Oilers 1, Lightning 3
It was a strange situation in Tampa Bay on Thursday night, with both teams missing a handful of key players. Evenly split between the two teams, 10 players with a combined cap hit of over $50 million were unavailable to play, including the two guys who between them won the last three Art Ross Trophies.
In a game where depth was an even bigger factor that usual, no real surprise that the high-powered Lightning had a little more of it, just enough to squeeze out a 3-1 win over the Edmonton Oilers.
The visitors actually sawed off the 5-on-5 portion of the game 1-1 and committed no penalty infractions all night long. Alas the powerplay let them down, not only failing to score on two opportunities but yielding the game-winning goal on a shorthanded breakaway by Yanni Gourde. Ouch.
It was a hard-checking affair that saw Edmonton struggle to break through one-on-one, or to thread enough pucks through passing lanes that were inevitably short-lived against the hustling Bolts. When the Oilers did get a decent look they couldn’t solve Andrei Vasilevskiy, who stopped 29 of 30 Edmonton drives to run his unbeaten-in-regulation string to a startling 20 games over two full months (18-0-2). The defending Presidents’ Trophy champions won their ninth straight even in the absence of Steven Stamkos, Nikita Kucherov and Ryan McDonough. Overall the Bolts were the better team, outshooting the Oilers 37-30 and generating 11 Grade A scoring chances to 7. But it’s tough to criticize the visitors’ effort which was close but no cigar against a leading Stanley Cup favourite.
#6 Adam Larsson, 5. Got caught on the wrong side of Pat Maroon who stuffed home the first goal on a broken play. Rang a screened shot off the iron.
#12 Colby Cave, 5. A decent performance with 2 shots and 2 hits, though his line spent too much time chasing the game. Drew a penalty. Posted a miserable 2/9=22% on the faceoff dot.
#15 Josh Archibald, 5. His usual rough-and-tumble effort, though he was on the receiving end a couple of times, first when he was squashed by big Zack Kassian and bigger Erik Cernak, the second when he was crosschecked right in the numbers by big Luke Schenn and nearly took a skate in the face in the aftermath. Bounced up none the worse for wear from all that to keep on plugging. A couple of decent passes but 0 shots on net. Twice mashed Bolts pest Mathieu Joseph with solid hits.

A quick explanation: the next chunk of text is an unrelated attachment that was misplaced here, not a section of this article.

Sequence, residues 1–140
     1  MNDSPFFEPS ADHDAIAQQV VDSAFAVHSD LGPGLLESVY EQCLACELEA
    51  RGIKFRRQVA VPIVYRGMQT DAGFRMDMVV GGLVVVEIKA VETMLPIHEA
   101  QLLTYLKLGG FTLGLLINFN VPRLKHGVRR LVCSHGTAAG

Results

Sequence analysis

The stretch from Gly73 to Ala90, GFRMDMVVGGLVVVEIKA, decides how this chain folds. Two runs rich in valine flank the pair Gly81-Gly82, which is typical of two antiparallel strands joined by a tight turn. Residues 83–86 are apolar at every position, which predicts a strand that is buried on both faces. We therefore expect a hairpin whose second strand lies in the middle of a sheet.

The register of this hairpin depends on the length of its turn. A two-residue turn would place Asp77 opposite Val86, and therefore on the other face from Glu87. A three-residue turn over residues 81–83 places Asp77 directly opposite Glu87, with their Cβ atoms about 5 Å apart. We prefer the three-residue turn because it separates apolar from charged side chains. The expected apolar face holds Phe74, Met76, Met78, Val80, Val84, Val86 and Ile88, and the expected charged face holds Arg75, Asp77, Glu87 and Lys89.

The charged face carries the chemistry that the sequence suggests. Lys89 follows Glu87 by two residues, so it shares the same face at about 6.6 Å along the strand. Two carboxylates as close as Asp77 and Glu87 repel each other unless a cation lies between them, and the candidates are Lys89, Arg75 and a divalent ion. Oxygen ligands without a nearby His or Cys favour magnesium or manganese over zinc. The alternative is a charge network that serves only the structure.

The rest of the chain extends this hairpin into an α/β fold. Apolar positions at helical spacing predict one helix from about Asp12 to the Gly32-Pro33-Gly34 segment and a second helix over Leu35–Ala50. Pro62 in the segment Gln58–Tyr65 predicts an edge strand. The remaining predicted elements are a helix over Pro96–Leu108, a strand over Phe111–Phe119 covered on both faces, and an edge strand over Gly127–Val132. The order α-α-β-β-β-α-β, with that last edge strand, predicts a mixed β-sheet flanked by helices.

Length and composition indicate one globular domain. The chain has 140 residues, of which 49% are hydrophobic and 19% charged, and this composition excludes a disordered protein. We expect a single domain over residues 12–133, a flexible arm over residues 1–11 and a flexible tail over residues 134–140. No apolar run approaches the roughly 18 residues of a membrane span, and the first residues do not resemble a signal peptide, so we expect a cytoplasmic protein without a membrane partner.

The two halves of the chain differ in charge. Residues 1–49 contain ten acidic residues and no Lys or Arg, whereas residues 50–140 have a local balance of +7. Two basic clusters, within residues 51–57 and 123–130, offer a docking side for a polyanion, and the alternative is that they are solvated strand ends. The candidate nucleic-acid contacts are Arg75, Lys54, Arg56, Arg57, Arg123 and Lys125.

#16 Jujhar Khaira, 5. A strong physical effort with 5 hits, the heaviest of which nearly put Alexander Volkov right into the Bolts bench. Was in great position and appeared to have a great chance to tie the game very late, but the pass was tipped by a defender just before it reached him.
#23 Riley Sheahan, 5. His best moment came late when he made a nifty play to control the puck at the blueline and fed Bear in the slot for a hard shot that Vasilevskiy did well to turn aside. But made a questionable decision to try a cross-ice pass through traffic to a hard-charging Nurse rather then simply let fly from the slot with teammates converging on the net front. 6/14=43% in the faceoff circle.
#25 Darnell Nurse, 5. Skated miles, jumping into the rush time and again, especially down the stretch. Led the D corps in shots (4) and hits (3). Made an important clearance of a fat rebound in the blue paint. But was caught on the wrong side of the puck more than once. One whiff on the puck led to a 2-on-1 against, forcing a strong blocker save by Smith. Led the Oil in even strength ice time with 22:40.
#29 Leon Draisaitl, 6. A solid overall game included his 90th point of the season (a cheap assist) where his greater contribution was a nifty manoeuvre at the offensive blueline to keep the play onside. Had a number of strong defensive plays including 3 takeaways, some excellent work controlling the puck in tight quarters, and a couple of great feeds. Mustered just 1 shot on net but it forced an outstanding save by Vasilevskiy. But it was his turnover at the offensive blueline, exacerbated by a lack of defensive support, that led to the shorthanded breakaway. 10/21=48% on the dot.
#39 Alex Chiasson, 6. Had easily the best shot metrics of any Oiler, mostly on a hard working line with Haas and Gagner. Was central to 2 Grade A scoring chances, getting rejected on a jam play in the first and making a centring pass with 2 minutes left that found Gagner for a good look. Solid enough in his own end.
#41 Mike Smith, 7. Competed hard, battling through screens to deal with a number of tricky outside shots while turning aside 9 of 10 Grade A chances (with help from his metal friends at least a couple of times). A couple of his better saves cleaned up his own mistakes, namely fat rebounds. Lost his focus briefly on the 1-0 goal when he first lost his stick, then his short side post when he inexplicably lifted his leg out of position, leaving just enough room for Maroon to jam the puck underneath, off his other pad, and an inch over the line. A bit deep in his crease on Gourde’s game-winner. His bigger issue on this night was a lack of goal support. 36 shots, 34 saves, .944 save percentage.